Hanley Ramirez

Hanley Ramirez leads the Dodgers with a .342 batting average and a 1.024 OPS. (Getty Images)

Hanley Ramirez wasn’t at Dodger Stadium as his teammates filed out for batting practice Friday afternoon. The shortstop underwent an MRI exam on his left hamstring and Dodgers manager Don Mattingly said the results might be available later today.

Update (6:15 p.m.) The Dodgers announced that Ramirez has an irritated nerve in his back, which was directly causing the tightness in Ramirez’s hamstring. He received a cortisone injection in his back and is expected to be available to play next week.

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Dodgers infielder Nick Punto ♥ Boston.

Nick Punto

Nick Punto played 65 games with the Boston Red Sox last season before being traded to the Dodgers in August. (Getty Images)

Nick Punto was happy to find out he’d been traded from the Boston Red Sox to the Los Angeles Dodgers last season.

That’s about the worst thing you’ll hear him say about his former team.
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Daily Distractions: Chemistry, cover boys, and Chet Faker’s new tune.

Yasiel Puig Hollywood ReporterYasiel Puig is this week’s Hollywood Reporter cover boy.

Watch the video included with the story. I think it does a great job peeling back the curtain on the sort of shenanigans that go on inside the Dodgers’ clubhouse all the time — not just between Puig and Juan Uribe, and not just when the Hollywood Reporter is making a celebrity out of a baseball player.

Those kind of antics are often difficult for reporters to put into words, language barrier or not. Even when you quote the banter verbatim (here’s a good example from today between Skip Schumaker and Nick Punto), the light-hearted freneticness of the moment doesn’t always jump out of the page/computer screen in a way that screams “this team obviously has good chemistry.”

But yeah, this team obviously has good chemistry.

Some bullet points for a Pakistani Independence Day:
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Dee Gordon commits three errors at shortstop, Dodgers’ patience wanes.

Dee Gordon

Dee Gordon went 2 for 4, with an infield single and a bunt hit, and committed three errors on Sunday. (David Crane/Staff photographer)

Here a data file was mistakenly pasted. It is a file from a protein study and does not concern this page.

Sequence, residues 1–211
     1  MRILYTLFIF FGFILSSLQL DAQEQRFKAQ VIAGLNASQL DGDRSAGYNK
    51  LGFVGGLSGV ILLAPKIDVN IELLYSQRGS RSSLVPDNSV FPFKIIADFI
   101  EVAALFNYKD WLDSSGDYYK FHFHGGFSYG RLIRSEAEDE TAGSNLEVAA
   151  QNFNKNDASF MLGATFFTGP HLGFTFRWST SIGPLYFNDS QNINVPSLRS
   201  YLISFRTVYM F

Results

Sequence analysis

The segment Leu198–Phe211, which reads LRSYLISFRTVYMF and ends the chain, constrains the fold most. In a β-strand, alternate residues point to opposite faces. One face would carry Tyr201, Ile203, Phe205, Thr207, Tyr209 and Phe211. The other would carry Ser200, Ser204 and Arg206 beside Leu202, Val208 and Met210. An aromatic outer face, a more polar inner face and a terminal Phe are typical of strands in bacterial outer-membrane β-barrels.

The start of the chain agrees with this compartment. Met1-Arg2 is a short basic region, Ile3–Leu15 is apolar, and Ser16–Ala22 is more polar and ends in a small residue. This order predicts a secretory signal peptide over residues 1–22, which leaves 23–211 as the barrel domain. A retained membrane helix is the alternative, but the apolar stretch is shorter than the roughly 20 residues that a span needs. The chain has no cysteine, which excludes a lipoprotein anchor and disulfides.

Dodgers shortstop Dee Gordon went 2 for 4 Sunday. In the field, he ranged to his right to retire Evan Longoria on a tough play in the first inning and also started a double play.

If that was the end of his contribution to an 8-2 victory over the Tampa Bay Rays, Gordon’s day would barely qualify as news. It’s not newsworthy when a one-time top prospect performs well in a substitute role. It’s also easy to overlook one standout performance in a game where Mark Ellis goes 3 for 5 with three RBIs, Carl Crawford and A.J. Ellis get two hits, and Clayton Kershaw is his usual brilliant self.

But because Gordon also committed three errors Sunday, there was a sense of urgency — for Hanley Ramirez to return to the lineup and for the 25-year-old to stop making the inexplicable miscues that have kept him buried at Triple-A for much of the past three seasons. (Gordon has played 158 games for the Albuquerque Isotopes since 2011 and 166 for the Dodgers).
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Daily Distractions: A game that broke the mold.

Nick Punto

Nick Punto went flying in this collision with Angels runner Erick Aybar last night. It was a wacky game. (Associated Press photo)

The Dodgers’ 7-6 win last night broke the mold in many ways. Lost amid the doubles, the Matt Kemp boos and the blown call at first base, here are some factoids that I couldn’t fit in my game story:

- The Dodgers’ comeback matched their largest of the season; they beat the Diamondbacks on May 22 after trailing by five.

- Previously, the Dodgers were 0-15 when allowing six runs or more.

- The ninth inning remains a virtual all-or-nothing proposition. Say what you want about Brandon League as closer, but the Dodgers are 20-1 when leading at the start of the ninth inning. They are 0-23 when trailing to start the ninth.

- Adrian Gonzalez‘s six errors lead all major-league first baseman. Next is the New York Mets’ Ike Davis, with four. Gonzalez, who has won three Gold Glove awards, had a busy day. He also failed to pick a ball out of the dirt and pulled his foot off the bag on a throw from catcher Ramon Hernandez in the first inning. Yet he kept his foot on the bag despite a poor throw from Luis Cruz in the ninth inning, completing a double play.

- The Dodgers’ six doubles were a season high.

More bullet points for a Tuesday morning:

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Hanley Ramirez runs bases, could return to Dodgers next week.

Hanley RamirezHanley Ramirez ran the bases at Dodger Stadium for the first time since straining his left hamstring on May 3 and is close to going out on a rehabilitation assignment.

“As we get through Anaheim, we’re talking about him playing some games the next few days,” Mattingly said.

Ramirez wrote on his Instagram account last week that he would be “coming soon” to Single-A Rancho Cucamonga.

The rehab process has been a frustrating one for Ramirez, who was only able to play four games after recovering enough from a torn ligament in his right thumb before suffering the hamstring injury.

Ramirez said last week that he will announce his assignment in some capacity on Twitter. Assuming he plays Friday, Saturday and Sunday, it’s conceivable that Ramirez could be in a Dodger uniform next week when the team play a 10-game home stand against San Diego, Atlanta and Arizona.

Nick Punto is starting at shortstop Monday against the Angels following the demotion of Dee Gordon to Triple-A Albuquerque. Punto and Luis Cruz figure to get the lion’s share of the innings at shortstop until Ramirez returns.